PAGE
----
(33)S MAS NMR of a disordered sulfur-doped silicate: signal enhancement via RAPT, QCPMG and adiabatic pulses
O'Dell, L. A., Klimm, K., Freitas, J. C. C., Kohn, S. C. and Smith, Mark E.. (2009) (33)S MAS NMR of a disordered sulfur-doped silicate: signal enhancement via RAPT, QCPMG and adiabatic pulses. Applied Magnetic Resonance, Vol.35 (No.2). pp. 247-259. ISSN 0937-9347Full text not available from this repository.
Official URL: http://dx.doi.org/10.1007/s00723-008-0159-8
Three different signal enhancement techniques have been applied to (33)S magic-angle spinning nuclear magnetic resonance (MAS NMR) of a disordered silicate containing 1.15 wt% (33)S. Partial saturation of the satellite transitions was achieved using a rotor-assisted population transfer (RAPT) pulse sequence, resulting in a signal enhancement of 1.63, albeit with a slight distortion of the line shape due to selective excitation. Adiabatic inversion of the satellite transitions by various amplitude-and frequency-modulated pulse shapes (such as hyperbolic secant and wideband uniform-rate smooth truncation) was also attempted, resulting in a signal enhancement of up to 1.85, with no apparent line shape distortion. Quadrupolar Carr-Purcell-Meiboom-Gill (QCPMG) and RAPT-QCPMG sequences were also used, both of which yielded spikelet spectra that accurately reflected the MAS line shape with a greatly improved signal-to-noise ratio. It is hoped that this study demonstrates that (33)S solid-state MAS NMR is now feasible even on disordered, low-sulfur-content systems.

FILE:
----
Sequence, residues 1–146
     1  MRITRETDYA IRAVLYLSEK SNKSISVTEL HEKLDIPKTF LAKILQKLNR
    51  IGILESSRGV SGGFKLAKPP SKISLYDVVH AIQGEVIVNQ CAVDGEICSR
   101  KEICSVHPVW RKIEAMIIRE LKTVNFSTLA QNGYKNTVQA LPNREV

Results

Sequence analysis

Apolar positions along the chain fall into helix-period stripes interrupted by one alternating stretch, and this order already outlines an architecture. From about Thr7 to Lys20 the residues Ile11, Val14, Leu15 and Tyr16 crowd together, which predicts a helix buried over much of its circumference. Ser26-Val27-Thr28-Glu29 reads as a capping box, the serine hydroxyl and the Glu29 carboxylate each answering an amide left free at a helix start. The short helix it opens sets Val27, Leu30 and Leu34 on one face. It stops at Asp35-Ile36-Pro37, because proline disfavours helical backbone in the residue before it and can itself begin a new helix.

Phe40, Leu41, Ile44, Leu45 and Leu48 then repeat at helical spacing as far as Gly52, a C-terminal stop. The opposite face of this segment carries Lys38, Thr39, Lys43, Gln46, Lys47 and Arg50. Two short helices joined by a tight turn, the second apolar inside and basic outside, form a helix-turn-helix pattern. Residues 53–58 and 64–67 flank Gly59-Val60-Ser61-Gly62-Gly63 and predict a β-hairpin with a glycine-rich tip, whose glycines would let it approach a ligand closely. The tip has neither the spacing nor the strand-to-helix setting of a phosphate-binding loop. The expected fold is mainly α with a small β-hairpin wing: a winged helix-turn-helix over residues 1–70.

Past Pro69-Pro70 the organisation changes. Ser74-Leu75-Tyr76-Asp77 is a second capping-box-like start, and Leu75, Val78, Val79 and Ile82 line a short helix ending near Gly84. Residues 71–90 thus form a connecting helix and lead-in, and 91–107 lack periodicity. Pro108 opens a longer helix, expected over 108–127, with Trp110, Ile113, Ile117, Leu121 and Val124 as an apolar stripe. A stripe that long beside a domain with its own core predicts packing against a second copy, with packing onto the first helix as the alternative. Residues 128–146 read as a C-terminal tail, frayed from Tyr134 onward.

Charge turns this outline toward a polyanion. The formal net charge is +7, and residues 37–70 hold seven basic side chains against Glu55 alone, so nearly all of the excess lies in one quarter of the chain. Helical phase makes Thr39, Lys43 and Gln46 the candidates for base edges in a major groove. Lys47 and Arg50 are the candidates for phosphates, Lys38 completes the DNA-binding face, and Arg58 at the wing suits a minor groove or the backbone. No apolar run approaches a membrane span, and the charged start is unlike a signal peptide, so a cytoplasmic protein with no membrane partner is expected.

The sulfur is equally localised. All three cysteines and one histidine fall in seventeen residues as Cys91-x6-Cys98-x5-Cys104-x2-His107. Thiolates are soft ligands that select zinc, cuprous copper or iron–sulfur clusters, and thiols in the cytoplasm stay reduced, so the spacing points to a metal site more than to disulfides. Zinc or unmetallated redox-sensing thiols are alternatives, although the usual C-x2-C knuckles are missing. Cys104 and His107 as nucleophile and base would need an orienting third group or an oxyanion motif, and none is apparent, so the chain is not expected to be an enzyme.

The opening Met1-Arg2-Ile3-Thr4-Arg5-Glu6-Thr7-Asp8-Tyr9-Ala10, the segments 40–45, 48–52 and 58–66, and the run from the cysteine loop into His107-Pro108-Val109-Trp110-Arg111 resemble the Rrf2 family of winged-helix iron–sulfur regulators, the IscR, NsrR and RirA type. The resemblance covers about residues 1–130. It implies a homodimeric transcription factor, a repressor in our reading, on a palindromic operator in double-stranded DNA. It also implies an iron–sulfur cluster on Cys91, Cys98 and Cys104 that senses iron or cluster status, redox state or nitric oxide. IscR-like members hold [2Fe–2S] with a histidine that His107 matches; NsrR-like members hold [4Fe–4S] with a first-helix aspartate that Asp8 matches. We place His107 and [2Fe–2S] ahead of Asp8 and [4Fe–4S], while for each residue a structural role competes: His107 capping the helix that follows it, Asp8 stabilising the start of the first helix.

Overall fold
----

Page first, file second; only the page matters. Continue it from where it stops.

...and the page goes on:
|Item Type:||Journal Article|
|Subjects:||Q Science > QC Physics|
|Divisions:||Administration > Vice Chancellor's Office
Faculty of Science > Physics
|Journal or Publication Title:||Applied Magnetic Resonance|
|Official Date:||February 2009|
|Number of Pages:||13|
|Page Range:||pp. 247-259|
|Access rights to Published version:||Restricted or Subscription Access|
|Funder:||Natural Environment Research Council (Great Britain) (NERC), British Council Academic Research Collaboration, Engineering and Physical Sciences Research Council (EPSRC), University of Warwick|
|Grant number:||NE/C510967/1, 1280|
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